“What we’re hearing from customers now, is that the landscape is getting increasingly sophisticated, the volume of alerts that we’re starting to get is pretty overwhelming,” Spataro said. “We really don’t have the budget to hire the thousands of people required to sort through all this and figure out what to do.”

So with this new tool, Microsoft uses its machine learning smarts to prioritize threads and present them to its customers for remediation.

To Spataro, these announcements come down to the fact that Microsoft is slowly morphing into more of a security company than ever before. “I think we’ve made a lot more progress than people realize,” he said. “And it’s been driven by the market.” He noted that its customers have long asked Microsoft to help them protect their endpoints. Now, he argues, customers have realized that Microsoft is now moving to this person-centric approach (instead of a Windows-centric one) and that the company may now be able to help them protect large parts of their systems. At the same time, Microsoft realized that it could use all of the billions of signals it gets from its users to better help its customers proactively.


The Plum Guide raises $18.5M to expand its ‘vacation homes for the elite’ service

Fancy knowing how ‘the other half’ lives? Well, part of it is down to tools which have been built specifically for them. Michelin Guide will tell you about the best restaurants on the planet. Similarly the The Plum Guide bills itself as the “Michelin Guide for Homes” as it picks the world’s best vacation rentals, holiday homes, short term lets and Airbnbs from over 25 different sites, then puts them into one. It does this using a combination of data and human curation.

It’s now raised £14m ($18.5m) from some of Europe’s leading early-stage investors to support its rollout to 12 new cities this year.

The Plum Guide differs from mass market booking platforms by selecting only the top 1% of properties in any city to feature on its site. By the end of 2019 that will mean almost 12,000 verified homes in the most sought-after cities for holiday rentals.

The latest funding round is led by Talis Capital, with participation from Latitude and Hearst Ventures, as well as Octopus Ventures – who led the Series A funding round.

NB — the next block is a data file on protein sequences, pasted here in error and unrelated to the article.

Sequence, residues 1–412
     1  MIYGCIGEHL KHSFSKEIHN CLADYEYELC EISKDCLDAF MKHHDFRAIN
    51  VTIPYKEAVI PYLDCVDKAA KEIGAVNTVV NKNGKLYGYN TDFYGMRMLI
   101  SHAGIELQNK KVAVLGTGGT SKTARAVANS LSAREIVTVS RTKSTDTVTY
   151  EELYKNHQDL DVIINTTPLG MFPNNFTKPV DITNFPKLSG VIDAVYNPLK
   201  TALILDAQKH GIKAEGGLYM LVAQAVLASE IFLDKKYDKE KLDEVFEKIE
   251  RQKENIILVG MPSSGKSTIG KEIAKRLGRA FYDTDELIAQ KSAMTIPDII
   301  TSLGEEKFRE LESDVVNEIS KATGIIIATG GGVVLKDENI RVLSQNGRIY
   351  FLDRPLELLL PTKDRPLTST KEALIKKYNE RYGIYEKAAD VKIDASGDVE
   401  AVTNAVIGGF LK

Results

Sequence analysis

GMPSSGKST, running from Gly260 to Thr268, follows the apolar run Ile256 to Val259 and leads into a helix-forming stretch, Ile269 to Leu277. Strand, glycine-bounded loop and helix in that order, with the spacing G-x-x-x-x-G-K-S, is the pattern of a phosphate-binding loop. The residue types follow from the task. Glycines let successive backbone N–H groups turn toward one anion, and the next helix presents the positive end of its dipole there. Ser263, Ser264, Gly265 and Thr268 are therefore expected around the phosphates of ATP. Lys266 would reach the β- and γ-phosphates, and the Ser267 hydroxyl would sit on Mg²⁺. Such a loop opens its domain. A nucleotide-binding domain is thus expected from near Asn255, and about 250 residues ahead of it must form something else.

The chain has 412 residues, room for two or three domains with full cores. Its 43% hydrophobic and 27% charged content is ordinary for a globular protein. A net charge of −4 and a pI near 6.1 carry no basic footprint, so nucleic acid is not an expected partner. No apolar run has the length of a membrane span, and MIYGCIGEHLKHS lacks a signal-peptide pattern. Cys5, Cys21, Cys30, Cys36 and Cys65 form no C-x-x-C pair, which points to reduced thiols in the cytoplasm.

It needs all this money because as well as using a data approach, it also sends actual human beings to vet every property in person and apply a “scientific Plum Guide test” which covers 150 points from proximity to cafes and transport, to speed of WiFi.

Since launching in London in 2015, the company claims to have achieved year-on-year growth of three times revenues, for three years’ running, adding homes in five new cities to the platform and saw repeat bookings jump 27% after it opened in Paris, its second location after London. It says customer referrals drive a quarter of all bookings.

In a statement Doron Meyassed, Founder and CEO, said: “We are on a mission to build a marketplace of the world’s most beautiful holiday homes. This isn’t some vague qualitative ambition. We mean it. We are taking a systematic and obsessive approach to vetting every single home on the planet and accepting only the top 1%.”

“We are clearly targeting a highly discerning group of affluent professionals that live in global megacities, love to travel and value great design, quality and locations,” says Meyassed. “Previously they have stayed away from the open marketplace booking platforms, which they consider too risky compared with the reassurance that a hotel provides.”

In other words, the startup is eating away at the luxury hotel market.

Matus Maar, Managing Partner and Co Founder at Talis Capital, said: “The consumer market has entered into an age of curation where data, ratings and reviews need to be carved into useful information to support buying decisions. We see huge value in businesses and teams that create a competitive advantage by being strategically data driven.”